Lots of mental and physical challenges throughout the training took their toll in regard to motivation at times but we got to the start line in pretty good shape overall. The decision to hire a coach was very good in regard to having the flexibility to adjust on the fly and get the most bang for the training buck.


August 18, 2016-Thursday

Travel and check-in to the event and hotel. Nothing significant to report other than a great travel partner. Oh, and an awesome philly cheese steak sandwich for dinner from a food cart we knew of from previous trips to CDA.

August 19, 2016-Friday

Coach scheduled me for short swim, bike, run. My awesome travel companion has the same coach that I do and imagine, we had the flexibility to do our workouts together. We found a quiet place on the lake away from hustle and bustle of the race to set up. The lake was warm enough that we swam without our wetsuits. It was wonderful. We did a short ride on a concrete trail that goes around CDA followed by a short run. The rest of the day was spent relaxing in the room and getting all of my gear prepared for race day. At IM they give you five different bags so you have all of your gear collected and organized in regard to the event you are doing at the time. I had stuff scattered throughout the room and covering the bed. It looked like a sporting goods store vomited in our room. After the gear was ready Lisa and I headed for dinner at Buffalo Wild Wings-the dinner of champions.

August 20, 2016-Saturday

The last scheduled training was a thirty-minute ride. I got up early to get it done so I could get my bike and transition gear checked in at 10AM before the rush of other athletes showed up. When we finished dropping off the gear we stopped by the information meeting to see if there were any last minute instructions for the race. There were not. I did a little recon on how to get in and out of transition to get a mental picture of how race day might go. We found a good wood fired pizza joint for dinner and made sure to order enough for left overs, so I could put a couple pieces in my aid bags on the bike ride the next day. Bed at 1830.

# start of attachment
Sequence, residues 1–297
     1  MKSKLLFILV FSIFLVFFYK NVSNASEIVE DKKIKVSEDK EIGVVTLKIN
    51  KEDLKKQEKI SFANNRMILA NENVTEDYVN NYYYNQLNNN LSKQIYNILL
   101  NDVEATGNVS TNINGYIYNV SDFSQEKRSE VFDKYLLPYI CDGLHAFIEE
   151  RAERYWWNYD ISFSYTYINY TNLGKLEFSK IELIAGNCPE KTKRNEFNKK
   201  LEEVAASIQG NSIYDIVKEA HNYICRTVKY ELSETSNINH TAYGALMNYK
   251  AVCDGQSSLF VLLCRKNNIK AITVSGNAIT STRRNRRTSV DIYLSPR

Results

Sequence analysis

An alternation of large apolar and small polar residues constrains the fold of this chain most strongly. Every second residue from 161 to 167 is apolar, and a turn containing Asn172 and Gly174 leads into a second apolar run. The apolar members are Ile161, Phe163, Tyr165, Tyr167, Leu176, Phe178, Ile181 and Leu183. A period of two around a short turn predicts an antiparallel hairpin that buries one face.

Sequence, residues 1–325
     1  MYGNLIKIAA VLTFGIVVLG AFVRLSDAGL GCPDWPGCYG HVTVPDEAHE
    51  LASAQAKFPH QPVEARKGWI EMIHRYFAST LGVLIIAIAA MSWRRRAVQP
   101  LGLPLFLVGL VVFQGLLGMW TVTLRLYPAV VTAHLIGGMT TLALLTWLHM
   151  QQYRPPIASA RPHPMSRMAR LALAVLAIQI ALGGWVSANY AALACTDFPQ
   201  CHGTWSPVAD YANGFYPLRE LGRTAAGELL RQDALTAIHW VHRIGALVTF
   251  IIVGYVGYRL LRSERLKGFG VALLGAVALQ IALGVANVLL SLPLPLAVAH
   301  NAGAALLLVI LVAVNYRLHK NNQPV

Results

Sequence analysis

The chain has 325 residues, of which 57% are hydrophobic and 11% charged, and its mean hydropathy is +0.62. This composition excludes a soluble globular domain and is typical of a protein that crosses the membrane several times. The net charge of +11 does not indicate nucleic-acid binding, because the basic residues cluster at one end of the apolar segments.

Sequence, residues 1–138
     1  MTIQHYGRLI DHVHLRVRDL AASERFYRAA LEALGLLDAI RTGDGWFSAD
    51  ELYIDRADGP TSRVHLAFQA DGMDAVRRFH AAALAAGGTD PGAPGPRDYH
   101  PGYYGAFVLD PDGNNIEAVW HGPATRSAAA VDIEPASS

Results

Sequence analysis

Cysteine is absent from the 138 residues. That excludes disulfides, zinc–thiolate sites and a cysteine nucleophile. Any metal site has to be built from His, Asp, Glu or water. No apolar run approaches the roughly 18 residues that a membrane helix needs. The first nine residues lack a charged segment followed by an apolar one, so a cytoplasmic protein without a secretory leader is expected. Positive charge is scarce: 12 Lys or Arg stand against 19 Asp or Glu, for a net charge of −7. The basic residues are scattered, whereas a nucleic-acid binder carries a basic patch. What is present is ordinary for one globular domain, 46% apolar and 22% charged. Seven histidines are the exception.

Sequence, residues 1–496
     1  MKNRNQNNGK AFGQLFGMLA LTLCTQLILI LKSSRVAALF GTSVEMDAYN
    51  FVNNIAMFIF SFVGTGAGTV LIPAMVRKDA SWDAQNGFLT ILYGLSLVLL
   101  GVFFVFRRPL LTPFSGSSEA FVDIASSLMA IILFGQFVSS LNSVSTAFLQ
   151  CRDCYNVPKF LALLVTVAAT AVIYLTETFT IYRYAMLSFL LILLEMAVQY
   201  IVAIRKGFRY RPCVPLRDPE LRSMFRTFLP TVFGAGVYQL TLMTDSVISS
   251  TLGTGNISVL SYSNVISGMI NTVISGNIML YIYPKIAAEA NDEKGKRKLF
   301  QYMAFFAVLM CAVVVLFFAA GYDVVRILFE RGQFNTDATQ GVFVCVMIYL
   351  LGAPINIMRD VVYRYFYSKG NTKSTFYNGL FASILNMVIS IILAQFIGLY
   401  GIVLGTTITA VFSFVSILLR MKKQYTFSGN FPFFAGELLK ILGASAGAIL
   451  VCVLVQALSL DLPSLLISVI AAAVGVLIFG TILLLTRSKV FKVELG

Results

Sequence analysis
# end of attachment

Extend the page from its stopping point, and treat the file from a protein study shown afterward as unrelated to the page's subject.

August 21, 2016-Sunday (Race Day)

0330 was wake up alarm for a 0630 start time. I got up, ate some Wheaties, a banana, and a couple of cups of coffee which did their job in generating a trip to the restroom. An important thing on race day as you don’t want to stop during the race if possible. Lisa and I got to the venue around 0445. I dropped off my special needs bags and headed for my bike to top off the air in the tires and put some extra food in my transition bags. I also lowered my seat a bit because of some recent knee pain I had been having leading into the event. After discussing it with my coach the night before he said that lowering the seat a bit may help during the race. I made a decision to do it in the morning instead of maybe waiting until I had pain which would only compound as the race went on. Generally, you don’t want to make those kinds of changes on race morning but in this case it made sense, so I did. Transition was due to close in a half hour, so one last trip to the port-a-pot and then into the wetsuit. People are funny. Standing in line at the pots and there is very little movement of the line. I start to watch and it seems that 3 of the pots in the middle are having nobody in or out for quite some time. I walk up to them and the door is not latched, but the handle is slid over showing that the pot is “in use”. Boom three more pots for use just like that. The line moves a lot faster when you increase usage by 1/3. Falls under the category of: don’t be a sheep. Think for yourself and if something seems off check it out instead of talking about how slow the lines are. Saw Lisa when I finished, changed into my wetsuit, and walked to the swim entrance with my best friend and greatest supporter.

Swim-Goal Time-1:15 or better